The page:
Political sources in Maharashtra told Asia Times that the BJP was keen to retain Maharashtra. In terms of revenue, it contributes the largest share in taxes to the central government. This is largely driven by the fact that Mumbai is India’s financial capital and home to the biggest corporate houses in the country. Government rulings in the state exert a great deal of influence, which Modi and his party colleagues do not want to lose.

On the intervening night of November 22-23, the Union Home Ministry quietly revoked president’s rule. By 5 am the governor was asked to invite Fadnavis to visit his official residence to take the oath as chief minister.

“It is deeply disturbing,” a senior Congress leader, who is also a senior lawyer, told Asia Times. “Earlier, the federal home minister said that by declaring president’s rule, he was giving all the parties ample time to negotiate and set up a stable government. But what was the hurry to revoke that status in the middle of the night, get Fadnavis to report to the governor’s house early in the morning, and drag along a man who was sworn political opponent till that time as a deputy chief minister?”

The man this Congress leader was referring to was Ajit Pawar, the nephew of one of Maharashtra’s most prominent leaders, Sharad Pawar. For decades, Pawar has held sway over the state with his regional party, the Nationalist Congress Party. He successfully fought off cancer a few years ago, and was all set to prop up a coalition government including his party, the Indian National Congress and the Shiv Sena. But his nephew Ajit has always been ambitious and has been waiting in the wings for over a decade to take over from his uncle. For years BJP leaders targeted him, running campaigns against him and accusing him of high corruption.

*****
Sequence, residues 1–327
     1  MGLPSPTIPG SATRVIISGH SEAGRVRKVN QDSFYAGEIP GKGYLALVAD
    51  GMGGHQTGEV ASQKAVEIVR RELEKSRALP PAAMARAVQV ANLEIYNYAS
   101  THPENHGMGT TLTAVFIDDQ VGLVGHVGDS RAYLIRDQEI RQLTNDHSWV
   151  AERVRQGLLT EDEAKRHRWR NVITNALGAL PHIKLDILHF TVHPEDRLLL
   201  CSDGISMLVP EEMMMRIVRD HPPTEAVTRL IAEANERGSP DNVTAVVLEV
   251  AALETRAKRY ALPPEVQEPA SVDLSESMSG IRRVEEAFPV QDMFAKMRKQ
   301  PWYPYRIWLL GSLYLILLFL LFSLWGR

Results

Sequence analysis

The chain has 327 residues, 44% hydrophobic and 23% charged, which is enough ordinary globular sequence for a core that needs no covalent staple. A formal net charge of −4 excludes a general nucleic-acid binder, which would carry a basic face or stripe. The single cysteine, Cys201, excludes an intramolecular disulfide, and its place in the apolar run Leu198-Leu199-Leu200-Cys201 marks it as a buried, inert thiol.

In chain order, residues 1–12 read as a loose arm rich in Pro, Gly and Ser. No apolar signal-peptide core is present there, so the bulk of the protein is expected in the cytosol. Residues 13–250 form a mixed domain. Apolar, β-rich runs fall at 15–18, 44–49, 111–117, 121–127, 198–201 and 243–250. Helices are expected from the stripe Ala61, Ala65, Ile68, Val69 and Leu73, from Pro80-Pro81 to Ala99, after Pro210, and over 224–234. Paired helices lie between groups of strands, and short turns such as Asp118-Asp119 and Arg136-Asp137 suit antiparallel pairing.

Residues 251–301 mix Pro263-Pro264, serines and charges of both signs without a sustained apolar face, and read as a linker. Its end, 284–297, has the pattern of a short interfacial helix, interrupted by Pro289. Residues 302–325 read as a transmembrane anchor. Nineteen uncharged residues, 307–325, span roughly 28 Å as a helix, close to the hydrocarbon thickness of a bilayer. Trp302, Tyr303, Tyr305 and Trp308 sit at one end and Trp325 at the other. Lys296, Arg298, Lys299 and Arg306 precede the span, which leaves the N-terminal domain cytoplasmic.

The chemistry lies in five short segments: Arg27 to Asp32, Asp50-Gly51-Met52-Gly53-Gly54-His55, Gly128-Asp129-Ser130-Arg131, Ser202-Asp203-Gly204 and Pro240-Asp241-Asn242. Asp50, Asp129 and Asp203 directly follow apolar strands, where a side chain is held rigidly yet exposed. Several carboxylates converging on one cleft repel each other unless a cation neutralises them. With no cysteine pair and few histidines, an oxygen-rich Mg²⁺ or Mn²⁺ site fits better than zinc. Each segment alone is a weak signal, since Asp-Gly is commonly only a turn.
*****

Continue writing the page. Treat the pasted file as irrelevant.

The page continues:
Early morning capers

But by the morning of November 23, Fadnavis, who had earlier tweeted and spoken out on occasion that he would never have any truck with Ajit and his party, was all set to do exactly that. Both of them were sworn in by the governor, throwing away constitutional norms and precedents. “This is unprecedented even by India’s fairly low standards of politics,” another political observer from Maharashtra said. “We have seen political machinations in the past. But we have never seen such brazen maneuvering before where the governor becomes a tool of his erstwhile political party.”

The opposition leaders rushed to the Supreme Court on November 24, a Sunday, for an unprecedented hearing. After mulling over the matter for two days, the Supreme Court ruled on Tuesday that a floor test must be held by Wednesday so that Fadnavis could prove his majority in the state assembly. But hours after the Supreme Court issued its orders, Fadnavi knew that the numbers were no longer with him. His traditional opponent Ajit Pawar, who had joined him in the early hours of November 23, was left standing high and dry as none of his party colleagues agreed to stand against his uncle.

While the wily Sharad Pawar has won the day, stitching up a coalition that seems stable to rule a state that contributes the most to the Indian economy, most political observers agree that grievous harm has been done to India’s constitutional norms and propriety.

Also read: India’s tax revenue shortfall alarms states